How Well Established is Your Website?
This is an important question because if the domain is brand new then it will take longer to build the authority of the site up. If your competition has been there for the past decade and you are new to the online market then you will have some uphill running to do. Google will not bump a well established and proven website down the rankings in place of a newbie six week old website even if it is relevant.
Budget / Time
One of the few ways to improve the speed at which you can expect to see results is, of course, your budget. The more you spend (within reason) the quicker you can see results. It’s a cold hard fact but nonetheless one that needs to be appreciated, especially when put into the context of how much your competition is spending. If you have a budget of £400 per month and you are competing in finance, you can expect your competition to be spending that per hour.
Budget effectively equates to time spent on the campaign, if you do all the work yourself then it will only be the time that is a factor to you… The more time and effort you spend on a campaign the better the results should be.
Implementing the SEO recommendations can be an obstacle to success, if for example you are unable to give full access (such as ftp) to the search agency then more often than not changes will have to be implemented by Web Developers (who as we all know are obstructive and lazy!). I am joking of course, but issues can arise if Web Developers are unwilling or unable to make certain changes. I have experienced times when a client site is unable to accommodate Meta data or H1 titles, missing important on-page elements will hinder results.
These elements are all relative to the other elements; a brand new website and domain could still dominate the top three results for all of their top keywords within 6-9 months if they are targeting locally and have a reasonable budget. Conversely a huge budget and low levels of competition will only aid in delivering results quickly if recommendations are implemented. The most effective way to gain success with SEO is to carve your own niche, using a well implemented and strong keyword strategy.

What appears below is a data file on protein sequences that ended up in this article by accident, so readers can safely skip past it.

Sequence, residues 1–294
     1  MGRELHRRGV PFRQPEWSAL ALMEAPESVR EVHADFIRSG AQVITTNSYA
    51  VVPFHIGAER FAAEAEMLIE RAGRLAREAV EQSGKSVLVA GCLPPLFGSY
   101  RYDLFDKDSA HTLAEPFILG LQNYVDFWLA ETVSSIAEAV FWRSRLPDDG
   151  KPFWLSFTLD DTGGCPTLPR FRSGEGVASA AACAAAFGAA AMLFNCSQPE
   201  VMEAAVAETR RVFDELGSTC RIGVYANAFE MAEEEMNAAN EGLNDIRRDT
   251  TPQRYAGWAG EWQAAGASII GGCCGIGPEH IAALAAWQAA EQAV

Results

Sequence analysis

If you are doing the SEO work yourself, put in the hours and the effort to make it happen. If you are hiring someone to do it for you, then make it as easy for them as possible to get the best possible results.
Question Key via BigStock
In today’s multichannel world, there are mountains of data which provide insights into how users have interacted with your business and their path to conversion (or non-conversion). It is important to understand performance with multichannel marketing, which can be achieved through attribution modelling. Attribution refers to assigning credit to something (a channel, touchpoint, etc.) for the role it played in the final conversion. An attribution model is a rule, or set of rules, that assigns this credit correctly to the right channel or touchpoint.
For a long time, Bing, the UK’s second-largest search engine, has been underappreciated and, in some instances, even ignored. Often regarded as the inferior search engine to market leader Google, Bing has historically struggled to appeal to many in the digital world. Most PPC analysts would give justified reasons for neglecting Bing for so long; these include the volume of traffic and the user experience just not matching up to Google. However, the validity of these assessments is now diminishing. Bing has grown and improved rapidly in the last couple of years; if you are not integrating it into your comprehensive digital marketing plan, you run the risk of missing out on a large portion of your chosen market and significant revenue.